Obama To Lay Out “Aggressive Strategy” Toward College Affordability In Coming Months
By Katy Hopkins, Communications Staff
Making higher education affordable is critical to a strong middle class, President Barack Obama said in an economic speech Wednesday—and he says he has plans to work toward that goal.
Addressing a crowd at Knox College in Illinois, Obama said the economy has rebounded from the recession but work must continue to strengthen the middle class. Available jobs and reasonably-priced higher education, healthcare, and homes are key pieces of the puzzle, he said.
“It is critical that we make sure that college is affordable for every single American who is willing to work for it,” Obama said.
Loans and grants can’t keep pace with rising college costs, the president noted. Families and taxpayers cannot continue to foot increasingly large bills either, and “have got to get more out of what we pay for,” he said.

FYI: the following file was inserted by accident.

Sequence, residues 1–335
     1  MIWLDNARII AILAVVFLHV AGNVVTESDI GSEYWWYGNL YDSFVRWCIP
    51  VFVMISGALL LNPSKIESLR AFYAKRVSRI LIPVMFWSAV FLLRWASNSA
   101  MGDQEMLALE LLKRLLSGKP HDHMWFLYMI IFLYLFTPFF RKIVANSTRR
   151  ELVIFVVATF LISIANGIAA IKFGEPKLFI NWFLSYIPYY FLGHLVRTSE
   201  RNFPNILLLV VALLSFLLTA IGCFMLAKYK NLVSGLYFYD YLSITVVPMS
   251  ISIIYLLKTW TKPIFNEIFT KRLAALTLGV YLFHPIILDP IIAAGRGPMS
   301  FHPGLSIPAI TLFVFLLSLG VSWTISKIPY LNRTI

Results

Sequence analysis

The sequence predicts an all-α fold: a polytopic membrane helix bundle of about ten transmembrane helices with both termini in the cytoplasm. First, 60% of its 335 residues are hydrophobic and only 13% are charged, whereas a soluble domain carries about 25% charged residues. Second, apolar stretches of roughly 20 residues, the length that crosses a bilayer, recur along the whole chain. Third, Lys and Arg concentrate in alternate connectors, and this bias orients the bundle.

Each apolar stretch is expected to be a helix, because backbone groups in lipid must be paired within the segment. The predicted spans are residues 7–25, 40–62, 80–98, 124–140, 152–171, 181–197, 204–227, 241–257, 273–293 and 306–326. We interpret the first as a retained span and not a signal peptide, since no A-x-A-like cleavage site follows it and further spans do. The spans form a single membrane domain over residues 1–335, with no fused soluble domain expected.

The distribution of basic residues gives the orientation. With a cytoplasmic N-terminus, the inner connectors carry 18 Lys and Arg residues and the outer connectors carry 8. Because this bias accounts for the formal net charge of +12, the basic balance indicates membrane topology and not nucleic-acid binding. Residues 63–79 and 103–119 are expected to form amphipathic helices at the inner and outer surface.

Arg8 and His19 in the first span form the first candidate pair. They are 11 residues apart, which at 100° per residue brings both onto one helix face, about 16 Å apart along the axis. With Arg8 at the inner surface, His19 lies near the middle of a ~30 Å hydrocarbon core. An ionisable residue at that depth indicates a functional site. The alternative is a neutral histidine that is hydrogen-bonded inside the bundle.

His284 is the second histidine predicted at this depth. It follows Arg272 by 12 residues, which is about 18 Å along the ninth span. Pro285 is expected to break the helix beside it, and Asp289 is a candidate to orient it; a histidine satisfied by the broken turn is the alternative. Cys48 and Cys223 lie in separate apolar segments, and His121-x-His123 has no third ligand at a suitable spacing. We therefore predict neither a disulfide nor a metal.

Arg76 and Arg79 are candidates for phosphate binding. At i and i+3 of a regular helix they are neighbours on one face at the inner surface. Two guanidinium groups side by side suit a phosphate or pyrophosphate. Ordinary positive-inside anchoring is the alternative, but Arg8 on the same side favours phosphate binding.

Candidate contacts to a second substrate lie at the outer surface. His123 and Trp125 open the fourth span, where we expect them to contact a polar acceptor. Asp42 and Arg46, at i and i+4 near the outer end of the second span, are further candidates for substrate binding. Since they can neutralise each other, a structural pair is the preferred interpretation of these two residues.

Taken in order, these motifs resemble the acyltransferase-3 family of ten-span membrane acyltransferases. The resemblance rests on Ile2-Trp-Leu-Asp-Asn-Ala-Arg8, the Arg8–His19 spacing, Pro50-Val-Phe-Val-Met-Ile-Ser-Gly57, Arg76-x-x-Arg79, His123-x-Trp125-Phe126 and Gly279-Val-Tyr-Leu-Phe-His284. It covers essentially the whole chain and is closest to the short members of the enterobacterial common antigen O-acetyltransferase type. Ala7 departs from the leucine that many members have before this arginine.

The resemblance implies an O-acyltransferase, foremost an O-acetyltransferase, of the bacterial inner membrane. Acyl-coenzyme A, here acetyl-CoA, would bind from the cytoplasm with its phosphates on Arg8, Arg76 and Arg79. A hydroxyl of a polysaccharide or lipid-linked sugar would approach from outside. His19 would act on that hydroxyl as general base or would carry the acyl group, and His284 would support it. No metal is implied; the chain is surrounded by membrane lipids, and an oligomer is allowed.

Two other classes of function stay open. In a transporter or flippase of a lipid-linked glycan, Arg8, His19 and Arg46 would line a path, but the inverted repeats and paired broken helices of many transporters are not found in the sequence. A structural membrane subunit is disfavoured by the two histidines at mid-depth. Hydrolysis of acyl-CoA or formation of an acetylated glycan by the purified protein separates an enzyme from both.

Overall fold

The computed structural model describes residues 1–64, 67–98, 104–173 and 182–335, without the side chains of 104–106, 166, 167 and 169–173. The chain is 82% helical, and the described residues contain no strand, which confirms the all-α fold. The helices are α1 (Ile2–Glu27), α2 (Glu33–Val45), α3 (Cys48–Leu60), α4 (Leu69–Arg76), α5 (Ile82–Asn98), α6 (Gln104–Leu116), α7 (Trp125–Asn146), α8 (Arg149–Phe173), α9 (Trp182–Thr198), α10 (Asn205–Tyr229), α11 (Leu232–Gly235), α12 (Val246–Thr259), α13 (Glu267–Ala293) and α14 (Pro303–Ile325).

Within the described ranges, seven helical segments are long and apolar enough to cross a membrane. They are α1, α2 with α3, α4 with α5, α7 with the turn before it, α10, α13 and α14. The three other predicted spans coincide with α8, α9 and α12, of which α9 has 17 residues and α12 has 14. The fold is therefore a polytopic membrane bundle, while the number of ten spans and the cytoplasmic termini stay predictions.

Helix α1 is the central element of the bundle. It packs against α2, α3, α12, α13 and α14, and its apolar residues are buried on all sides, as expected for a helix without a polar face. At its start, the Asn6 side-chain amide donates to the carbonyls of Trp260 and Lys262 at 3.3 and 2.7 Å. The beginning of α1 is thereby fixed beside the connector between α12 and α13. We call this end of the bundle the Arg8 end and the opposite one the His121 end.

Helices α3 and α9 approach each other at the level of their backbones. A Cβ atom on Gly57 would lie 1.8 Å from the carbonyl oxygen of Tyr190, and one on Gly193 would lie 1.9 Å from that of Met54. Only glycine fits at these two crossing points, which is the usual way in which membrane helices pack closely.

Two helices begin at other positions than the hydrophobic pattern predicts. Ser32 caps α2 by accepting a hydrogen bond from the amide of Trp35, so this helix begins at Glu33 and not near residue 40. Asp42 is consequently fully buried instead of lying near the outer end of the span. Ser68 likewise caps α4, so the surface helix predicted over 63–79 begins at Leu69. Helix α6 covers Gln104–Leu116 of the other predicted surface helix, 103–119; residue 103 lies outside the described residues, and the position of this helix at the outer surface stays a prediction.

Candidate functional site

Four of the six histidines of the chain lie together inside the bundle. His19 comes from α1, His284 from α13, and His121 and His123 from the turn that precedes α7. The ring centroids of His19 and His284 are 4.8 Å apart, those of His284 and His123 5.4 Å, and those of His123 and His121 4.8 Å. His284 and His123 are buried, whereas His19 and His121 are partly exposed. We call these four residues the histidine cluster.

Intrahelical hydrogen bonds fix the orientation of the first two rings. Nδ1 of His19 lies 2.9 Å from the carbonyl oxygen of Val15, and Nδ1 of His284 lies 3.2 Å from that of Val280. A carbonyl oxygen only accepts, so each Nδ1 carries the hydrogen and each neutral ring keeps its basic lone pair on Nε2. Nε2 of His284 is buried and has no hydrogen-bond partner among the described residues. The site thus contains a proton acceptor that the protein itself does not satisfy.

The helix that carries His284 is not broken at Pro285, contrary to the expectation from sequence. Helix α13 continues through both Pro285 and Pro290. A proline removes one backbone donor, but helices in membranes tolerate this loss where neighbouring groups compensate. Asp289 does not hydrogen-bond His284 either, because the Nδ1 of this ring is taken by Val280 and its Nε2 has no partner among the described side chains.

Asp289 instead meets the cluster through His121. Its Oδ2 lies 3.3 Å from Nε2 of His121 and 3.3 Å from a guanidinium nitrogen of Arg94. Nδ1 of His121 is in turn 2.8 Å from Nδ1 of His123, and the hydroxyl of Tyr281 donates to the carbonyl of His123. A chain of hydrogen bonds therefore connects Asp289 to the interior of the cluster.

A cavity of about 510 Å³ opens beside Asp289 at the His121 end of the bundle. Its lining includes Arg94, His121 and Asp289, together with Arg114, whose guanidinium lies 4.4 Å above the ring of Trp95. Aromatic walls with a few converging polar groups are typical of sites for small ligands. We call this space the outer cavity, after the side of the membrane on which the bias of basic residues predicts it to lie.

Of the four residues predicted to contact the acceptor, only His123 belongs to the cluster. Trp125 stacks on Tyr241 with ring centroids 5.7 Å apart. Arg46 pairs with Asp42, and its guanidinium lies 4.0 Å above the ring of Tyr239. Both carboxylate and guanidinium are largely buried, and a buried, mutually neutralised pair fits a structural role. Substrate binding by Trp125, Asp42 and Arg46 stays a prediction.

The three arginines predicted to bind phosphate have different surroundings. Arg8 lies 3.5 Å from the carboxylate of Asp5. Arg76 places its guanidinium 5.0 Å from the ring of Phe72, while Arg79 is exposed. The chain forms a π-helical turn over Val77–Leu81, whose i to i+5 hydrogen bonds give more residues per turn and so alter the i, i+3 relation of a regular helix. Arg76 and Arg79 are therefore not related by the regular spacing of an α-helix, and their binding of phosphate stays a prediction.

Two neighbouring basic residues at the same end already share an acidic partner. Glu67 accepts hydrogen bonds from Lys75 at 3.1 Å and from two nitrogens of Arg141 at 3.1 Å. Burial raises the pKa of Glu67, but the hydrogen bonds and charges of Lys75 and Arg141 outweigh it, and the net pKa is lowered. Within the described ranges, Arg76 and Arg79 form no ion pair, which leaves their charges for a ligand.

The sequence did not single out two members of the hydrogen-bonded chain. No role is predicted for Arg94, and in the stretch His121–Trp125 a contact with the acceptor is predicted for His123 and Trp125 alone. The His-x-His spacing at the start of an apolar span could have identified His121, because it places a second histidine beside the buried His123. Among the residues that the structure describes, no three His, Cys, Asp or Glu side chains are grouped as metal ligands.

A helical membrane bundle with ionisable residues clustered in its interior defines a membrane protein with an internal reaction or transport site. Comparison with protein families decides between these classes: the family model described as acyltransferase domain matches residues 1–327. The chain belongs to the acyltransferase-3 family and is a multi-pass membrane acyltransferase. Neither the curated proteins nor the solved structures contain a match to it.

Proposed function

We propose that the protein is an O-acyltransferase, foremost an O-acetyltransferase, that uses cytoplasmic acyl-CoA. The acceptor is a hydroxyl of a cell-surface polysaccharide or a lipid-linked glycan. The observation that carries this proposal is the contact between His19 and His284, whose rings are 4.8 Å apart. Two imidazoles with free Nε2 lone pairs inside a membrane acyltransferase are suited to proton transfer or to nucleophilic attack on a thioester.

The administration has taken steps to relieve some of the financial burden, Obama said, citing capped student loan payments for responsible borrowers and a continued effort to lower interest rates on subsidized Stafford loans. (The latter drew an especially loud cheer from the crowd.) And some institutions are retooling their approach to college education, offering accelerated paths to degrees and utilizing a blend of traditional and online learning, he added.
But work remains to be done—and the president plans to get started soon, he said.
“In the coming months, I will lay out an aggressive strategy to shake up the system, tackle rising costs, and improve value for middle-class students and their families,” Obama said.
Wednesday’s speech was the first of several the president is slated to give on the economy this summer. Stay tuned to NASFAA's Today’s News for continued coverage.
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